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No matter how many times it is demonstrated, it’s still difficult to envision bacteria as social creatures with the ability to communicate. These simple, tiny, single celled prokaryotes use a signaling system called ‘quorum sensing” to alter their behavior to suit the size of their population. What this means is that the bacteria actually ‘know” how many of them are present at that particular time. This “knowledge” is carried in small molecules that the lead bacteria release and the other bacteria then pick up by diffusion through their cell membrane. Previous research has shown that bacteria use quorum sensing in a number of different ways. Some bacteria use it to monitor population size in a host organism. Once they get to a certain number, they release disease causing chemicals and overwhelm their hosts’ immune system.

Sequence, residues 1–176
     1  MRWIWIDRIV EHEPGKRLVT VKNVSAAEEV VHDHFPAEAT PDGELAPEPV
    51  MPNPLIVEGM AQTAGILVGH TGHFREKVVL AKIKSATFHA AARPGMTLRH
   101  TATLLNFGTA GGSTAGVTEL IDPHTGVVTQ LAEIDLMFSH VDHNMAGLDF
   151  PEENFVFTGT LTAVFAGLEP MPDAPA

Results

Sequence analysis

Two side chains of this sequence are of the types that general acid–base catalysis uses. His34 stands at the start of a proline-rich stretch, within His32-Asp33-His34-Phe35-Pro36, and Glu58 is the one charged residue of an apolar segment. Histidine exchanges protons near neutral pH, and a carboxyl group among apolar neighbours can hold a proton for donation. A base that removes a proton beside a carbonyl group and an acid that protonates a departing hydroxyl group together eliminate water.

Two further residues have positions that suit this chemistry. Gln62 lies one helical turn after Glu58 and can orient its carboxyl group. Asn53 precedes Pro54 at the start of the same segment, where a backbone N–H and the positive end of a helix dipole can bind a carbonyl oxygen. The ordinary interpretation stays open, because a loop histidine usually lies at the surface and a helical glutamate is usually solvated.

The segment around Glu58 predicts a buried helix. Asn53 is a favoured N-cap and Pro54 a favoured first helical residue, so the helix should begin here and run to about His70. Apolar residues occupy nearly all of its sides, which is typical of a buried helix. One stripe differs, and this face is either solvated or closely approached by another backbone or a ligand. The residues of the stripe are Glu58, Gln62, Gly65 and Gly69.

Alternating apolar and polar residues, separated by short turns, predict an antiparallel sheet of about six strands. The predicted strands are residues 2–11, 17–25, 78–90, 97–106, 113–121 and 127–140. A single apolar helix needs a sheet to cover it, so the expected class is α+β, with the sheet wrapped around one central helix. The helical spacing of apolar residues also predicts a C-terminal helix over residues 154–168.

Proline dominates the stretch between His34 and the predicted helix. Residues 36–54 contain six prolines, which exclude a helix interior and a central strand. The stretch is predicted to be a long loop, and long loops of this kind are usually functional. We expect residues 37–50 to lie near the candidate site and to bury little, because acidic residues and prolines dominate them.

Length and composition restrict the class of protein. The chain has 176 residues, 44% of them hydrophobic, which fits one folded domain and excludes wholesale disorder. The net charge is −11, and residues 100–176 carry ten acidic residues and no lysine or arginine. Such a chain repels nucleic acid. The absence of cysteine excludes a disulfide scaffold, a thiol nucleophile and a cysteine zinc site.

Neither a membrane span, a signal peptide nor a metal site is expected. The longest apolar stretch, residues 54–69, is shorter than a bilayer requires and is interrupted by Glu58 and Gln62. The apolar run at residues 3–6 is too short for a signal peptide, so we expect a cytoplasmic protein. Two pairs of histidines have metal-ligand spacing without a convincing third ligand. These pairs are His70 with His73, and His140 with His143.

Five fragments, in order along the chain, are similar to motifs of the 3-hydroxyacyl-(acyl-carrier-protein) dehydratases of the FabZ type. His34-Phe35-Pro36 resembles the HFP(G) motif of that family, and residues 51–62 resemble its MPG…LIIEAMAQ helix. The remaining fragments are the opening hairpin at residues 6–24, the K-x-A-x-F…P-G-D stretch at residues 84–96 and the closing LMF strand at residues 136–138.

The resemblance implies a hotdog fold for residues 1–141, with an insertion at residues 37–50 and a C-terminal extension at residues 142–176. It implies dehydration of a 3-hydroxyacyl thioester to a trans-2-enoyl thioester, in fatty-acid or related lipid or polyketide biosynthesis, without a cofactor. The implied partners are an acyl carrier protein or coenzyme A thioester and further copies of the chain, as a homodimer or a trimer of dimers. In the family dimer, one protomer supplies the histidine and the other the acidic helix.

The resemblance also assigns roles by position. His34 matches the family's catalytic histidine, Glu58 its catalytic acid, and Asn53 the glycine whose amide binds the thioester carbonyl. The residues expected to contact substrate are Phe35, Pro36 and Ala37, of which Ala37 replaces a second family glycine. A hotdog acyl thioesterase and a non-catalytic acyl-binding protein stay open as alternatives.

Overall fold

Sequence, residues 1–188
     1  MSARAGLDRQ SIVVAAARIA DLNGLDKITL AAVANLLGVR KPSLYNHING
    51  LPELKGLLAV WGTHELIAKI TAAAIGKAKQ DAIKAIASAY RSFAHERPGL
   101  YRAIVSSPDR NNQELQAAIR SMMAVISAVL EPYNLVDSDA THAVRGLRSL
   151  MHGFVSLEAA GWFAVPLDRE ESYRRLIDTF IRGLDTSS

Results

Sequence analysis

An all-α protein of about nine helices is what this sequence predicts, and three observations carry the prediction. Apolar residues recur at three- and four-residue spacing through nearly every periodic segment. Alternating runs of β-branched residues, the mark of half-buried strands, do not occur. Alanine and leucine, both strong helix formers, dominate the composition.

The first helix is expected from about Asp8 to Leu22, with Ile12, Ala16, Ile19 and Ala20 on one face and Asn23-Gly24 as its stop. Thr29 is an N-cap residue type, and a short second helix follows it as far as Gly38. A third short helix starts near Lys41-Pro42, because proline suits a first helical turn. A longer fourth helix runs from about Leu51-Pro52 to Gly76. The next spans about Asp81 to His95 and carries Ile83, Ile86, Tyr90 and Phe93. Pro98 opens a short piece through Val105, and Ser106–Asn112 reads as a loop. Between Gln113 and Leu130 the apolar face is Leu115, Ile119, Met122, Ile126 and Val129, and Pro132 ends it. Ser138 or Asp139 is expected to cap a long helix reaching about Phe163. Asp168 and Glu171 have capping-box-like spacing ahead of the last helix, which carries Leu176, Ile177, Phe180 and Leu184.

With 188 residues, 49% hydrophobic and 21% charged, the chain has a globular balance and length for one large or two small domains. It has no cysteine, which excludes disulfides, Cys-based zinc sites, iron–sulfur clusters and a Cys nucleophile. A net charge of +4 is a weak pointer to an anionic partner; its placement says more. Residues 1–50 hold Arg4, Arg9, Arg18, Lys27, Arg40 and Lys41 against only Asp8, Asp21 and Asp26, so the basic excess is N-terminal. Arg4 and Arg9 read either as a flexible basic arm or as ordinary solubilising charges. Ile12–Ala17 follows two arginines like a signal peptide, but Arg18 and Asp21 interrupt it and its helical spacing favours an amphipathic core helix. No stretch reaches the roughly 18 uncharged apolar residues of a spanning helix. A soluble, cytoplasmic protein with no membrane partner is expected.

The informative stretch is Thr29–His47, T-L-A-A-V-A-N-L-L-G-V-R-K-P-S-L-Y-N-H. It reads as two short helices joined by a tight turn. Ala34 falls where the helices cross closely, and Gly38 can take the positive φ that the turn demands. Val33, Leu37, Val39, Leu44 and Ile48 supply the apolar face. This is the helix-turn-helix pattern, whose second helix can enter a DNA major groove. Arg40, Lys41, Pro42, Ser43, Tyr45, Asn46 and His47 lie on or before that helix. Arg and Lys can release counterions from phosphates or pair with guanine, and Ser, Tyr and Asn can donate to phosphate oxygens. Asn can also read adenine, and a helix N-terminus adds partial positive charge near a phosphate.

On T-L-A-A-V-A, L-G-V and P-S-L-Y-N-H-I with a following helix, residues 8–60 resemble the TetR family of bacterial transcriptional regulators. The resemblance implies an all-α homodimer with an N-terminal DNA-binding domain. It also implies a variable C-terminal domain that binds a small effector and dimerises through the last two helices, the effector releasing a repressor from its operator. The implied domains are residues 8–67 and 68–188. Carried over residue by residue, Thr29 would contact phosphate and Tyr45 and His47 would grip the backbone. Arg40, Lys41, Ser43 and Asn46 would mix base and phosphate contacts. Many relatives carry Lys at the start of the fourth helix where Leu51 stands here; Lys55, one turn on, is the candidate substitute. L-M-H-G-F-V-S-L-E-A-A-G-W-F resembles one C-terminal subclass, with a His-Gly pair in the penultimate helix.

The latest study involves using chemicals that mimic quorum sensing in order to control growth of pathogenic bacteria such as salmonella or shingella. Many of these strains are resistant to most antibiotics, but when given the quorum sensing chemical mimics the bacteria stay “tame” and do not give off their pathogenic chemicals, thus allowing the body’s own immune system to wipe out the bacteria.

Which statement best describes quorum sensing in bacteria?


The ability of bacteria to destroy the hosts’ immune system.


The ability of bacteria to communicate and respond to their environment.


The ability of bacteria to become multicellular and carry out complex processes.


The ability of bacteria to diffuse nutrients inside their cells.

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